As you increase the resistance in the circuit, internal resistance stays the same, so you measure a greater voltage across the battery, because the ratio of voltage drops increases in the direction of external resistance.

    However, with a DC series wound generator, it says "as the load voltage increases, the current through the field coils also increases. This induces a greater EMF output voltage, that, in turn, increase the generator's output voltage."

    Therefore, while the increased load increases output voltage, the causes seem different. For a DC battery series circuit, it's the measure across the battery due to the ratio change in voltage drops. For the DC generator, the increased output is said to be due to the increased emf, which is due to the increased current.

    In the DC battery circuit, the current decreases as load increases. In the DC generator, the current is increasing, according to the text.

    What is causing the current to increase instead of decrease?
  6. Jun 25, 2017 #5


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    Sounds reasonable. However, there are more qualified people on this forum to answer this so I will not comment any farther.
    In the battery circuit the current most certainly will increase as the load increases. By that I mean the load current increases not the load resistance. Generally when we refer to increasing the load we think of it this way.
  7. Jun 25, 2017 #6

    jim hardy

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    Something isn't right about that statement.
    That describes a shunt field motor not a series field one. Series field is oblivious to terminal voltage.

    Change it to this
    and it describes a series field motor.

    Did you add that light bulb in series or in parallel with the other light bulbs that make up the load?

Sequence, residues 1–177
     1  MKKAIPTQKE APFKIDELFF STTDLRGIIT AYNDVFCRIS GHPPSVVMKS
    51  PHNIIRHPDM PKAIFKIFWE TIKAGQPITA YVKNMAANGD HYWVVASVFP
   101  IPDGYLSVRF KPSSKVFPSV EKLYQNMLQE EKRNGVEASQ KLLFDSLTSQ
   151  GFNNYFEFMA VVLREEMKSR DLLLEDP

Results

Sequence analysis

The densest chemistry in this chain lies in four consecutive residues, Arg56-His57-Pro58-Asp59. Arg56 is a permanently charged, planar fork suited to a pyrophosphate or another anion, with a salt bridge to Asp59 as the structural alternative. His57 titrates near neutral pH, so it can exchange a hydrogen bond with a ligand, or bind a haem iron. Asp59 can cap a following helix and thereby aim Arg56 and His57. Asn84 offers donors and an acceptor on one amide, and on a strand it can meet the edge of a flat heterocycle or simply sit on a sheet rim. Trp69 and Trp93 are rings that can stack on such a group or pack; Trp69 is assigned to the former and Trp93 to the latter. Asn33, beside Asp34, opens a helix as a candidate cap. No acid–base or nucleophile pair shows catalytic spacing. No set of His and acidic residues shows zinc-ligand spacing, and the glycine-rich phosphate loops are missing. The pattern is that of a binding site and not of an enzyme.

Adding it in series increases reslstance of the load
    adding it in parallel decreases resistance of the load
    and you seem to criss-cross those thoughts later in your questions.

    Go back to the beginning,
    draw a wiring diagram
    and convince yourself that "increasing load" is an ambiguous term,
    you should complete the thought by saying instead
    "increasing resistance of the load by adding lightbulbs in series"
    "decreasing resistance of the load by adding lightbulbs in parallel".

    Then you're ready to tackle the series field DC machine one thought-step at a time.

    By improving our words we reason better.

    old jim
  8. Jun 26, 2017 #7

    jim hardy

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    "Load" is whatever is connected to the machine's output terminals.
    "Load Voltage" would be the voltage across the load, which is connected to the output terminals.
    So, unless author has described something very unconventional, "Load Voltage" and "Output Voltage" are just the same exact voltage called by different names.

    Averagesupernova hit the nail on the head with this one.
    "Increasing the load" means causing it to draw more current and power , usually you'd accomplish that by decreasing its resistance.
    "Increasing the load resistance" will cause it to draw less current and power.

    i think that's your source of confusion.
    Straighten that out before tackling what happens inside the generator.